### Table 4: Grid of main classes which underpinned the final selection

2007

"... In PAGE 8: ... To counter that, the 48 clips were deliberately selected to cover material showing emotion in action and interaction; in different contexts (static, dynamic, indoor, outdoor, monologue and dialogue); spanning a broad emotional space (positive and negative, active and passive) and all the major major types of combination (consistent emotion, co-existent emotion, emotional transition over time); with a range of intensities; showing cues from gesture, face, voice, movement, action, and words and representing different genders and cultures. Table4 shows the grid of main classes which underpinned the final selection. Each clip was chosen for its representation in those main classes.... ..."

### Table 2: Timing and causality.

1998

"... In PAGE 8: ... We propose here a framework which generalizes these notions (we follow the technique presented in [4]). In Table2 , we associate to each Hybrid primitive statement, its presence calculus and causality calculus. The pres- ence calculus involves only presences and boolean signals, it summarizes the constraints on presences and their relations to boolean signals.... In PAGE 8: .... The statement \on T quot; is optional. When it is omitted, then causality X gt; Y always hold. Table2 is commented now. For a signal X, the status of X a instant t shall be \absent quot; if t 62 TX, and the value of Xt otherwise.... In PAGE 10: ...= TY = T (1) k S = T n U (2) k U = true( pre(Y ) init 0 0 ) (3) k T gt; (X; Y; pre(Y )) (4) k U gt; U (5) k (T ; U) gt; S (6) k on T : pre(Y ) gt; U , T gt; U (7) k on U : U gt; Y , U gt; Y (8) k on S : (X; Y ) gt; dY=dX , S gt; dY=dX (9) Table 3: The example of table 1 : presence and causality calculus. This Hybrid program is obtained by applying the rules of Table2 until xpoint is reached. To apply these rules, we should have introduced the intermediate signal Z = f(X; Y ) ; this intermediate signal is simply denoted by dY=dX in the above program.... In PAGE 10: ... Selfexplanatory. Table2 is used as follows for executing a program. First, for each statement of the program, add to this program the associated presence and causality calculi, following Table 2.... In PAGE 11: ... This cannot be avoided in general, but is better performed most seldomly. Since causality constraints, as derived from Table2 , depend on the syn- tax of the program, we can try to rewrite this program di erently, with the objective of breaking most possible circuits [4]. Rewriting part of the pro- gram involving timing and booleans, can be performed using exactly the techniques of Signal language compilation, since the Signal clock calcu- lus has identical algebraic structure as our presences and boolean signals.... In PAGE 14: ...ignal at instant t, i.e., some preorder on the set fX1,: : : ,Xkg. 3. For X; Y signals of the considered hybrid system P , we de ne on T : X gt; Y (15) as X t Y holds 8t 2 T (16) which consequently requires T TX \ TY : (17) The rationale for infering causality constraints in Table2 is simple. Actions of computing are abstracted as term rewriting : the computation action y = f(x) is abstracted as \y can be substituted by f(x) quot;, which is encoded as the preorder x y, also written x gt; y.... ..."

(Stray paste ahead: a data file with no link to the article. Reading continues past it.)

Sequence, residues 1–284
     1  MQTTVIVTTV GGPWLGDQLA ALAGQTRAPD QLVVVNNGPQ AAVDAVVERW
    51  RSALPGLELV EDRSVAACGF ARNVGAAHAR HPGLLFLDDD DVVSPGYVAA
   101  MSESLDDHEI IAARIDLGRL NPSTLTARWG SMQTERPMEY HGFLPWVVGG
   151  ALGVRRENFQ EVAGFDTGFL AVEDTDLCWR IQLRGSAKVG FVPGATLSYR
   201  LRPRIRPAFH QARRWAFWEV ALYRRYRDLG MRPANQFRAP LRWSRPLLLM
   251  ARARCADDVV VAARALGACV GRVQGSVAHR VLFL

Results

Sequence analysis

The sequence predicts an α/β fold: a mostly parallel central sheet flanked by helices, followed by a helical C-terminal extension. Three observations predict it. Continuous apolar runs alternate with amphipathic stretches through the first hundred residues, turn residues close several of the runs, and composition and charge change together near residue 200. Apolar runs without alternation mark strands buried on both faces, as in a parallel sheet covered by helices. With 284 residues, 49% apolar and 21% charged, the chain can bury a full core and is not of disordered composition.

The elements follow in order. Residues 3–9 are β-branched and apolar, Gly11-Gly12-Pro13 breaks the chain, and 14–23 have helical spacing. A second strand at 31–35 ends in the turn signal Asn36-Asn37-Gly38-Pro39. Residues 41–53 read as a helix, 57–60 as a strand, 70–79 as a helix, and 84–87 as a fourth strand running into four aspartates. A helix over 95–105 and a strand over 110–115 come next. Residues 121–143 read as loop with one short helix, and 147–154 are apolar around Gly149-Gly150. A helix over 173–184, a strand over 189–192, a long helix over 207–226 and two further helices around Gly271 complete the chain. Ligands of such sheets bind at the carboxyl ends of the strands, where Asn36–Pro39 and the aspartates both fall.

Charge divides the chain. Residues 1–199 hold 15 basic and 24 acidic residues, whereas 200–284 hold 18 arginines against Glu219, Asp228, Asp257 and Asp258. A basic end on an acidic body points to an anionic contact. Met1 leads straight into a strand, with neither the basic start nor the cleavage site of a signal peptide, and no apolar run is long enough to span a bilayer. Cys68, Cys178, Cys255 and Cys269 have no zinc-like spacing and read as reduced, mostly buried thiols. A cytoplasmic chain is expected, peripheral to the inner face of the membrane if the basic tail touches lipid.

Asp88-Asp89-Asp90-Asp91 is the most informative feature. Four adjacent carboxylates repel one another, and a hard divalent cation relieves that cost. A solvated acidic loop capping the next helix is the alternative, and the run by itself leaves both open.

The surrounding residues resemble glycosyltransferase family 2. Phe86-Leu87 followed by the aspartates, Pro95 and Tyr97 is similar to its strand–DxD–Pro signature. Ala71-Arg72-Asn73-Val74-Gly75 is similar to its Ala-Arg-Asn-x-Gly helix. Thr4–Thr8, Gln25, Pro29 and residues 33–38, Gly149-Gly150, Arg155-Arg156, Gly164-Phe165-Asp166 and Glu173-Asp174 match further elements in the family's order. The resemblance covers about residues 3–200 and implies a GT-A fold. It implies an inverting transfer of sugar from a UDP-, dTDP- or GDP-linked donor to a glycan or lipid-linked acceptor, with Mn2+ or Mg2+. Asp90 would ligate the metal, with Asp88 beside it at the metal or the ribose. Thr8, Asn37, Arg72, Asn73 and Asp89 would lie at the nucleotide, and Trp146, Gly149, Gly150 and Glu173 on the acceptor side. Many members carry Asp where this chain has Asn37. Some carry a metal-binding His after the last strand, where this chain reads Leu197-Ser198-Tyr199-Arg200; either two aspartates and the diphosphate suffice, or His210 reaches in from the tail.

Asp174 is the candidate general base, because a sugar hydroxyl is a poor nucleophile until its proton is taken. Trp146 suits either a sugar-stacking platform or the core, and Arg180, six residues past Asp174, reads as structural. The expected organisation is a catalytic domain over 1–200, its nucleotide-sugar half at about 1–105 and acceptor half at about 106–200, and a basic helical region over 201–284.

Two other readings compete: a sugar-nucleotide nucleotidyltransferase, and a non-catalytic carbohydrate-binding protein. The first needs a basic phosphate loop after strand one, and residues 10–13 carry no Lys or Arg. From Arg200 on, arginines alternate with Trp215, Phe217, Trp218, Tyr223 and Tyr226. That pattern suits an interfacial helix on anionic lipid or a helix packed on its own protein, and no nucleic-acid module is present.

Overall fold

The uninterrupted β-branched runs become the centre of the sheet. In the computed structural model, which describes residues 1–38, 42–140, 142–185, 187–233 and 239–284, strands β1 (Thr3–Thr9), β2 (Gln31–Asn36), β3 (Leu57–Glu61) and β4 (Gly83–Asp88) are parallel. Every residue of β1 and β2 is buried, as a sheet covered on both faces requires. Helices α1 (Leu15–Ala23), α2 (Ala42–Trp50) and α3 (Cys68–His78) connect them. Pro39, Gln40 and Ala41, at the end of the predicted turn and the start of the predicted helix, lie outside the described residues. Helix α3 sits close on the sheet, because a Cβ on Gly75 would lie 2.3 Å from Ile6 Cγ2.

Cited by 10

### Table VII Granger Causality

2001

Cited by 35

### TABLE 1 Causal Heuristics

### Table 3: Complexity of Probabilistic Causality

"... In PAGE 20: ... We also analyze the complexity of computing the probability of a causal formula. Our complexity results are summarized in Table3 . In detail, deciding probabilistic causal irrelevance is Ca30... ..."

### Table 2: Complexity of Event Causality

2001

"... In PAGE 4: ... 4.2 Results Our complexity results for the above causal relationships be- tween events are summarized in Table2 . We distinguish be- tween the general and the binary case, in which we assume a syntactic restriction to binary causal models.... ..."

Cited by 15